Top 10 books about Londoners

From its Roman foundation to the 21st century, London has always been a city of migrants, as these rich histories, memoirs and novels show

The people of London have always been settlers from around the world, beginning with the Roman invaders who founded the city. While the growth of the imperial capital until 1945 largely depended on migrants from other parts of Britain, it also included Europeans, especially Jews, Germans, and, above all the Irish.

The multicultural capital that exists today has continued to depend on Europeans but people from the wider world. My own parents moved to the heart of empire in its dying days, from Cyprus, and my interest evolved from this connection to a still great global capital.

Those who have written about the people of London, especially its ethnic diversity, have included authors telling their own life stories, countless novelists, journalists and other observers, a selection of whom I outline below. Collectively, they reveal the modern history of London, providing an insight into its ethnic and social diversity.

1. Memoirs of the Life of Daniel Mendoza (1816)
London has acted as home to countless sportsmen, especially fighters and footballers, many of who have produced autobiographies. Daniel Mendoza, born in Aldgate in 1765, wrote this pioneering account of his life, which involved punching his way out of the Jewish East End to become British champion in an era when Jewish boxers became well-known celebrities, with Mendoza developing something of a cult, partly due to his ability to publicise his activities, especially through his biography.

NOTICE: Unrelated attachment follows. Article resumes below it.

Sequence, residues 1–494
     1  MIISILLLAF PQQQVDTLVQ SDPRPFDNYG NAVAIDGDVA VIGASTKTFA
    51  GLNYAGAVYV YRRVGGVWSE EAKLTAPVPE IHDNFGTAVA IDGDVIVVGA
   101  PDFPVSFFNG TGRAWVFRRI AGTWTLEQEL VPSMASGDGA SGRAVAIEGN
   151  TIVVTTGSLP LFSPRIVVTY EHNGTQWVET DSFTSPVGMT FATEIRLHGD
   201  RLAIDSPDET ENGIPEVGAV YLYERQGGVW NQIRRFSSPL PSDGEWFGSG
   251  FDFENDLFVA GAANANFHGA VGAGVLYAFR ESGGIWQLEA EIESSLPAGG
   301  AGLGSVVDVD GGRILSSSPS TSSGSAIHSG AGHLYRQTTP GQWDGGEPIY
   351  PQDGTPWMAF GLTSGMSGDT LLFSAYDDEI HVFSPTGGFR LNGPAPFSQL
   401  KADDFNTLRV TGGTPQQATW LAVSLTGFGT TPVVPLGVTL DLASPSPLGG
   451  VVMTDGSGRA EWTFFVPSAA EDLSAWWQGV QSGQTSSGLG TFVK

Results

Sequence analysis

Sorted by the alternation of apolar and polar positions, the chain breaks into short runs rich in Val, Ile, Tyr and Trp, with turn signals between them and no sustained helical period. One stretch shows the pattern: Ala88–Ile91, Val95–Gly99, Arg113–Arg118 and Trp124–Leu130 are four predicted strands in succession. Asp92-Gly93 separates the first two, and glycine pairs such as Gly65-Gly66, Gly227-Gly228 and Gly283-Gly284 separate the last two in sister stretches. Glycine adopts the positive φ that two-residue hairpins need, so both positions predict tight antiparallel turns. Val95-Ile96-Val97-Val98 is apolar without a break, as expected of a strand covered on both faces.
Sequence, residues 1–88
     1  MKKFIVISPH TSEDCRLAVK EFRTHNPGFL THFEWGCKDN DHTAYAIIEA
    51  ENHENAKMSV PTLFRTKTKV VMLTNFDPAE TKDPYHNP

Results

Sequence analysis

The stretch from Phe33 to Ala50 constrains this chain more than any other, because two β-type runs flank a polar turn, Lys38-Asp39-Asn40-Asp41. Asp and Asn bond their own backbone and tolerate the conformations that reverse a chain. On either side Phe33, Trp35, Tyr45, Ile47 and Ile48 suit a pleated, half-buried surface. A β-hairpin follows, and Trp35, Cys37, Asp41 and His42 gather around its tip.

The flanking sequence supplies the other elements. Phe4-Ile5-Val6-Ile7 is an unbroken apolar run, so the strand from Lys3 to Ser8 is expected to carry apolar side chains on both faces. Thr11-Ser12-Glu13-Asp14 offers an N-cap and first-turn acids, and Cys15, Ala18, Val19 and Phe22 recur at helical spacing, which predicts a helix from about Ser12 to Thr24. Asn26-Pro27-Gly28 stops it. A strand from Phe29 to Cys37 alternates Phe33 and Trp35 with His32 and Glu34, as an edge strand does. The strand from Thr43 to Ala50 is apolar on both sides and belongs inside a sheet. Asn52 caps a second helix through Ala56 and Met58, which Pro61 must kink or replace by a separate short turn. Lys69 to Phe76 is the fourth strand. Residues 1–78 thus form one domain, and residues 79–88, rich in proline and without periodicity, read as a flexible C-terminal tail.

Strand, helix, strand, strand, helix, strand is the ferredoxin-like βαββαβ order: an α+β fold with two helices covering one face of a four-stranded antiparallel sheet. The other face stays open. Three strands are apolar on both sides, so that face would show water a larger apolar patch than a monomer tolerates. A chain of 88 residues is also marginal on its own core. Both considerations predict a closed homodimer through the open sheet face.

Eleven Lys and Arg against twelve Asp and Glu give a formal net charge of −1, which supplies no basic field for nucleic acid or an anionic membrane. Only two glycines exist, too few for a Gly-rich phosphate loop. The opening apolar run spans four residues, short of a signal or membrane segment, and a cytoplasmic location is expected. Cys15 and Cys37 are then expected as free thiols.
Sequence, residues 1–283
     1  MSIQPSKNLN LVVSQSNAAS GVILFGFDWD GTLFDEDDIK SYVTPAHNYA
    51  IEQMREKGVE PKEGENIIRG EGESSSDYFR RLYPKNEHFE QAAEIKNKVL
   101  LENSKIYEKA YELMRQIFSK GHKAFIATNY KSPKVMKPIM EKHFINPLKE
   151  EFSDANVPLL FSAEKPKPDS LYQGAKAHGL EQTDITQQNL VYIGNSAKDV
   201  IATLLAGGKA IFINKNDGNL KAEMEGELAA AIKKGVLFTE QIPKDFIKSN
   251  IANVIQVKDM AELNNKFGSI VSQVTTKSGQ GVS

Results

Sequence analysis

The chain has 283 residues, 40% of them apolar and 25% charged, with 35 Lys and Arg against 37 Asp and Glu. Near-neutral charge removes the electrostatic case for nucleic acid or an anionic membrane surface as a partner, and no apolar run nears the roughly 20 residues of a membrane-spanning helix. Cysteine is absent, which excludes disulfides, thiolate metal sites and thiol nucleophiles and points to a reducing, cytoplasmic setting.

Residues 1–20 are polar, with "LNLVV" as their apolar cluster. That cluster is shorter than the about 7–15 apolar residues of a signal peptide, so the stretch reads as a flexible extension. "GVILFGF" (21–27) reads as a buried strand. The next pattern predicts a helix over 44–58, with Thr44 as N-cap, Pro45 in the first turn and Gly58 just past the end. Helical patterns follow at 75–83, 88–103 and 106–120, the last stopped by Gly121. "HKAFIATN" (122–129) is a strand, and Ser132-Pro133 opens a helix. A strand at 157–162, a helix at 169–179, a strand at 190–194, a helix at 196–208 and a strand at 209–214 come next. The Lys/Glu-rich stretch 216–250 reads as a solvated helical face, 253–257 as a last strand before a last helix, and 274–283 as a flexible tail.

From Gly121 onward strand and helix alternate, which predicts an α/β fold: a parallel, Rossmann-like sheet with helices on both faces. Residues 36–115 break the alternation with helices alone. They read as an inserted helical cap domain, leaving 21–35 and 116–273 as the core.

2. London Labour and the London Poor by Henry Mayhew (1861)
It proves impossible to understand the evolution of modern London without reading Henry Mayhew, who interviewed people in the early Victorian streets involved in all types of work and, above all, allowed them to speak for themselves, making him a pioneer both in the history of journalism, as his pieces first appeared in the Morning Chronicle, and in social science research. Mayhew’s interviewees and the detailed research which he carried out, provide us with information on all manner of lower-class occupations, especially on the hawkers selling everything from recycled tea bags to fried fish. Mayhew offers a panorama of working-class life largely as told by the people of London themselves.

3. Life and Labour of the People in London by Charles Booth (1892)
Much more academic in tone and not providing the people of London with the same opportunity as Mayhew does to speak for themselves, anybody trying to understand late Victorian London has to at least dip into this multi-volume survey of the capital, the first research project which used a large team, including Beatrice Potter, to provide a scientific account of the population of London, complete with numerous maps outlining the income of the different areas of the capital, as well as providing an insight into ethnicity and work.

a room at the newly Museum of London, showing Charles Booth’s Map Descriptive of London Poverty in 1891.
 A room at the Museum of London, showing Charles Booth’s 1891 Descriptive Map of London Poverty. Photograph: Sarah Lee/the Guardian


4. Living London, edited by George R Sims (1902-3)
While those interested in Victorian London will certainly know the work of Mayhew and Booth, they may not have come across the magnificent Continue reading